It was the worst storm to ever hit northwest Ohio. Between January 26 and January 29, 1978, 12 inches of snow fell on the sleepy towns of northwest Ohio. But it wasn’t the accumulation that was a problem. Winds gusted at 60 miles per hour, and the temperature dropped to around 11 degrees. The Blizzard of ’78 chronicles how countless lives were disrupted and how some were lost.
The storm caught many residents off guard. The night before it started many people thought of the incoming storm as just another winter disturbance – certainly nothing to worry about. But upon awaking the next morning, it was all too apparent, this was not a typical storm.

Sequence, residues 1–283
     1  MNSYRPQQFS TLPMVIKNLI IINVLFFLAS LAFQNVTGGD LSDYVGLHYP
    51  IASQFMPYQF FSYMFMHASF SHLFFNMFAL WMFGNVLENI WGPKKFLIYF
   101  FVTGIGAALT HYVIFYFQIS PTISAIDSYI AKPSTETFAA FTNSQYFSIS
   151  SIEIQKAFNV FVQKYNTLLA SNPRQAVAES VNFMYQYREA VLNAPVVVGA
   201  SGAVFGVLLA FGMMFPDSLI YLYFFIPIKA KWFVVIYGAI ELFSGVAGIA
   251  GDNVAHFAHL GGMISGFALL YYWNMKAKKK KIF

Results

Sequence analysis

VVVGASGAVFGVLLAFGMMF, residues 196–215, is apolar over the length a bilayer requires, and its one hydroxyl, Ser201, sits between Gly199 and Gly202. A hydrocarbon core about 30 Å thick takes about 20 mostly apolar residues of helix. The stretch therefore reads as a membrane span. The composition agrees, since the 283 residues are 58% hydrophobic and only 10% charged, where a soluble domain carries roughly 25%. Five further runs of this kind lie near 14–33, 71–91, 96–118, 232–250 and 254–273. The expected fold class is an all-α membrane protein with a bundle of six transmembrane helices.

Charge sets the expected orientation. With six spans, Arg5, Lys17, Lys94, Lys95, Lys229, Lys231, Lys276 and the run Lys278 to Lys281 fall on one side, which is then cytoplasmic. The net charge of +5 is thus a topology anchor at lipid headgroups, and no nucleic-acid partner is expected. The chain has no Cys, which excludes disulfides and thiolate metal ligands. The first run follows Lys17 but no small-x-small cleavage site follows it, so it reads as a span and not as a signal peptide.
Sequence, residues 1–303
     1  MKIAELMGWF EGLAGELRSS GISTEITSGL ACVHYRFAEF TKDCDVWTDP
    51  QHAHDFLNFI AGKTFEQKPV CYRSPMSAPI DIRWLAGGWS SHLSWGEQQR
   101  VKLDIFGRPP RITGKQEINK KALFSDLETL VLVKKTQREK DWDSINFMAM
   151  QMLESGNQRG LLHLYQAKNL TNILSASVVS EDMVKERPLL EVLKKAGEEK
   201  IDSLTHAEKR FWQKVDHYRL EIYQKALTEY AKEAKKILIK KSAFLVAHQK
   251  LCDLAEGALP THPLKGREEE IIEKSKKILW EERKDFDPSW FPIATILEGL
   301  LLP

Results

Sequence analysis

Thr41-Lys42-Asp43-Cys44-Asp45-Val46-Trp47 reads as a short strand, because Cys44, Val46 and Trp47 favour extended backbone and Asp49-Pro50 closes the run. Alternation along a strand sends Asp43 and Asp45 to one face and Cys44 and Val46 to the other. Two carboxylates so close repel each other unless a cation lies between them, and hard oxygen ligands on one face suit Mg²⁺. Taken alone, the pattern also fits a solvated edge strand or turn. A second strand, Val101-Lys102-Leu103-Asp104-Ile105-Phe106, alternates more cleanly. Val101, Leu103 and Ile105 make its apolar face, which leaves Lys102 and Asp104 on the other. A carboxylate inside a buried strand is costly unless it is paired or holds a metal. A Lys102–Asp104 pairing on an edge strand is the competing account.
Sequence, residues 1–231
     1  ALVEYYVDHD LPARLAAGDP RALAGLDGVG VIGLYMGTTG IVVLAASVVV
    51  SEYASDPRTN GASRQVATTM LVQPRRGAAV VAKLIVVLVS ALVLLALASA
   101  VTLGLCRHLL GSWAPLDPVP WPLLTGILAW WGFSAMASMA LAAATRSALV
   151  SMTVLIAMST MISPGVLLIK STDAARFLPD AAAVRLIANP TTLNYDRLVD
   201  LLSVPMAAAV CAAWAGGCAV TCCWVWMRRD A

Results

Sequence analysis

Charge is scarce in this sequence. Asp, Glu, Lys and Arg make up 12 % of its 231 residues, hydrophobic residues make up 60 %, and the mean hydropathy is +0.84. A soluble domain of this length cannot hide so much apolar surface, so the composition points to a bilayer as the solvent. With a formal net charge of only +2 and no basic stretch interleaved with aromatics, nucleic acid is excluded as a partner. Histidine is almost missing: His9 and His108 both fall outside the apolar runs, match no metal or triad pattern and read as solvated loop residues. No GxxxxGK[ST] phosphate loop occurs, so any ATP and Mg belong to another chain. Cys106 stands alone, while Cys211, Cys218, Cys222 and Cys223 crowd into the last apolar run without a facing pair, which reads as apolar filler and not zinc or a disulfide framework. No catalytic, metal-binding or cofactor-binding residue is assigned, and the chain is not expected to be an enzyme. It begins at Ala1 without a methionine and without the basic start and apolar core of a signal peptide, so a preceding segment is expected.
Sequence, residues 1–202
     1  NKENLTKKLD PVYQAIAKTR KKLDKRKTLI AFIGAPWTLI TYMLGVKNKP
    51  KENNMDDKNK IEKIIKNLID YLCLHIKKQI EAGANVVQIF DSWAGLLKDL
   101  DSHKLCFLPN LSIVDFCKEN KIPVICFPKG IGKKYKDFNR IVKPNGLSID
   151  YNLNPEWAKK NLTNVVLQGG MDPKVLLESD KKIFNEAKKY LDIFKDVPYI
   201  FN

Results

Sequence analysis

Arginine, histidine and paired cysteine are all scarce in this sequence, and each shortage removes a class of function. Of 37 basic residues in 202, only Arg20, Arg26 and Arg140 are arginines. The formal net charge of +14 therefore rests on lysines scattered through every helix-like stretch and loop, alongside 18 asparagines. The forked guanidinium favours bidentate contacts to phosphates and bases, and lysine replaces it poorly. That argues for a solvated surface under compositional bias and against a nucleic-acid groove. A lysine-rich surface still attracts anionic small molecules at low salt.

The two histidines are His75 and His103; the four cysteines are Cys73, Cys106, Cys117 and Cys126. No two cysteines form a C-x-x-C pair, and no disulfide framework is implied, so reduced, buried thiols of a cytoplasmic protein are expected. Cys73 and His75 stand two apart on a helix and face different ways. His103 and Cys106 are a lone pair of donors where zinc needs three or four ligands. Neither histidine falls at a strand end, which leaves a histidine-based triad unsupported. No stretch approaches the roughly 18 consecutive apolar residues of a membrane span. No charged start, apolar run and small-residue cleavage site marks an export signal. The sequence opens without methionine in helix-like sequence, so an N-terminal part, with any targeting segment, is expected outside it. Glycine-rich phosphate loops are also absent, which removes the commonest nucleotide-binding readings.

Gas, electric, and telephone service was lost in many areas and the storm was preventing city and utility workers from getting service restored. People fought for anything and everything to stay warm; some even tore apart and burned furniture in their effort to have some heat. Some people suffered carbon monoxide poisoning by using outdoor grills indoors for heat.
As is ofter the case, amid the horrific conditions, there are tales of heroism and humor along with the tragedy. The Blizzard of ’78 tells these stories through firsthand accounts, home movies and archival photographs.